Practicing reciprocity in negotiation

by Giles Morgan |
11th April, 2019 |
How to | Insight
Giles Morgan
3 Jun, 2023

The practise of exchanging things with others for mutual benefit is called Reciprocity.

In negotiation, you will gain much from the practice of reciprocity. Reciprocal negotiators learn to trust each other more quickly than their cold and hard-nosed ‘lose lose’ counterparts.

Those hard, un-trusting negotiators may gain more in the first instance, but after that, the reciprocal negotiator wins far more. They win through long-term relationships built on mutual (reciprocal) respect and trust. With more trust comes more answers, with more answers comes more information and with more information comes mutual value gain.

Successful salespeople have mastered the art of reciprocity in terms of mirroring. People who like each other tend to reflect each other’s behaviour and assume the same basic body orientations as yours.

Tip – Have a little fun with people you meet and move slightly to see if they reciprocate and follow your movement. If they do, then you know you’ve got positive chemistry.

If you’ve attended my workshops, you’ll know that sales and negotiation are entirely different. What might be considered appropriate in sales might be wholly inappropriate in negotiation.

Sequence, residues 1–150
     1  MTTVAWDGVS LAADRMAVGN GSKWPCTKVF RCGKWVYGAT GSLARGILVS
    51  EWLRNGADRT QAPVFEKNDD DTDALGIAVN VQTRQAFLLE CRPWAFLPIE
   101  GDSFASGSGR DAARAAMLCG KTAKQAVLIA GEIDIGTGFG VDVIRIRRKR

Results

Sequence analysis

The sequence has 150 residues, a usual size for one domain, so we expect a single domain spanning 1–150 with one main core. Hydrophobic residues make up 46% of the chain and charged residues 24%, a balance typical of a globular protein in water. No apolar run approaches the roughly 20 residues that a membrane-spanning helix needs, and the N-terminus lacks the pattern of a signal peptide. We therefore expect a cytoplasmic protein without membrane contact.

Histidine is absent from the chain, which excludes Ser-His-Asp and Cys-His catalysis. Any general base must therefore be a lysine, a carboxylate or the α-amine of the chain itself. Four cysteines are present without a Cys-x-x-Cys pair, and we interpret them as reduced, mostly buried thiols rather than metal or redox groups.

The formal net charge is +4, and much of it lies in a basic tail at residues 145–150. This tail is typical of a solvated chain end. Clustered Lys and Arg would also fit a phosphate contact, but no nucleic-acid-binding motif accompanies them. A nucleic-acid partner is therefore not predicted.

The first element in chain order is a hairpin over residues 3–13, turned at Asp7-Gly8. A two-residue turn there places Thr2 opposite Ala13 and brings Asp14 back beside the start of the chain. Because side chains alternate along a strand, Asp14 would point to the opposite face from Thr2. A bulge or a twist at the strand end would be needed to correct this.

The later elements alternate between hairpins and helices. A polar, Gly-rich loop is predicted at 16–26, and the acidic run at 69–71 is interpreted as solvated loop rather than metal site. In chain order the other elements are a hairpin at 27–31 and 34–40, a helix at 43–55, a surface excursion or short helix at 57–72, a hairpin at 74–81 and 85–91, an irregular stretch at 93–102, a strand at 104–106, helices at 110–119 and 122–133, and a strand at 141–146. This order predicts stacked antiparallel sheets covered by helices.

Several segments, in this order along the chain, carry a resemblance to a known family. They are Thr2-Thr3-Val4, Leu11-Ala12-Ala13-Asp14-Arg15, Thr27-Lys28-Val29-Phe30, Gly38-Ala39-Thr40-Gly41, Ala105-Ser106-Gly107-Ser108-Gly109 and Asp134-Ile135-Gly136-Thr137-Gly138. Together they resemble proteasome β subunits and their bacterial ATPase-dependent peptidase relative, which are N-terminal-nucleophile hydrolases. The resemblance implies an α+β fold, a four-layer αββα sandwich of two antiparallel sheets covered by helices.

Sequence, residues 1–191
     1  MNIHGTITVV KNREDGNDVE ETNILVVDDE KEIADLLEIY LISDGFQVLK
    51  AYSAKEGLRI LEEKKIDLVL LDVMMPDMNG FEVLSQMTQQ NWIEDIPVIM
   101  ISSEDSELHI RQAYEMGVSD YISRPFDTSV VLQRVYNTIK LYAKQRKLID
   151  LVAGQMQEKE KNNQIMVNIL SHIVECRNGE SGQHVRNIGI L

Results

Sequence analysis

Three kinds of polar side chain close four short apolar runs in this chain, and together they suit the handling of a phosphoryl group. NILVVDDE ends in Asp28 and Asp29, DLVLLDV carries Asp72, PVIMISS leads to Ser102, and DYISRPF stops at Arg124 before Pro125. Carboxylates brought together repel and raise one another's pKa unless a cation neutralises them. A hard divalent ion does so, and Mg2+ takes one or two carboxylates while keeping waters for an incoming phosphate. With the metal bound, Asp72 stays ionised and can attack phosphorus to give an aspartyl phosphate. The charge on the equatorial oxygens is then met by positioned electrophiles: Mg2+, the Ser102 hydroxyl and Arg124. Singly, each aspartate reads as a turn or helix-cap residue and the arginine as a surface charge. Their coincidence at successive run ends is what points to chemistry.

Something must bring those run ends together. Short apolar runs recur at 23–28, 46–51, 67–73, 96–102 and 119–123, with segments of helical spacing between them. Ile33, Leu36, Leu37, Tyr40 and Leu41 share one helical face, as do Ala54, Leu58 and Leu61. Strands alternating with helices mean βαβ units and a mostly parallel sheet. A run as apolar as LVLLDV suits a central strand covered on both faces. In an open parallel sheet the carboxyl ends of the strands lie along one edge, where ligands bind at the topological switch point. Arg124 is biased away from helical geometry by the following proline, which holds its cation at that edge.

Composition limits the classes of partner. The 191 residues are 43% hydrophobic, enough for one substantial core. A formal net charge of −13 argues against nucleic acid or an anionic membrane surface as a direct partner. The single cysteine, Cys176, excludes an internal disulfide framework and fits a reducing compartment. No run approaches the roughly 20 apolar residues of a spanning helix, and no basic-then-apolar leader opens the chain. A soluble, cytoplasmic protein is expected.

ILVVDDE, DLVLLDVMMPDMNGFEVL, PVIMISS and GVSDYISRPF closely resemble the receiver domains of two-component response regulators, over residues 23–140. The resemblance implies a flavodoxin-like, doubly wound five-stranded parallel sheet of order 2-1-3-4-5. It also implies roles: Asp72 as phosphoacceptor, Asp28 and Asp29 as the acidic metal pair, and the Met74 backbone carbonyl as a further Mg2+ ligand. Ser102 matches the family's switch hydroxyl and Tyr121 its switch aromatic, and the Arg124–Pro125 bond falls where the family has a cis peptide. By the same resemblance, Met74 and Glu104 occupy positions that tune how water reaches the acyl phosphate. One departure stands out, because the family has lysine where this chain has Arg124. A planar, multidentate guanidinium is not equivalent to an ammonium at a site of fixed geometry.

For instance, you wouldn’t want to mirror a nodding head, especially when it’s not in your interest.

So the question you need to ask yourself is;

  • what happens if your trust is used against you?
  • what happens if your actions are considered signs of generosity and therefore a weakness to be exploited?
  • What happens if you don’t receive reciprocity?

Well, as my Father says, “If in doubt, both feet out.”

In other words, stop and get out! Or consider making significant concessions in the early stages of the negotiation giving you the ability to hold if your counterpart shows no signs of reciprocating, also; use appropriate language that signals they are in your debt:

  • “I’ve moved, your move next.”
  • “I’ve offered a concession, it’s your turn.”
  • “My offer is a sign of good faith, I need a similar sign in return.”

make your exchanges conditional;

  • “under the condition that you.”
  • “if you were to consider X, then I would reciprocate with A.”


Reciprocity can be linked to the exchange of behaviours as well as the exchange of things.

If you act diplomatically, your counterpart is more than likely to reciprocate. If your counterpart rants and raves and you remain calm and diplomatic, you are more likely to see reciprocity.

If you or they behave childishly, competitively, untrusting or in a manner that reflects cold or hard behaviours, expect those behaviours to be reciprocated.

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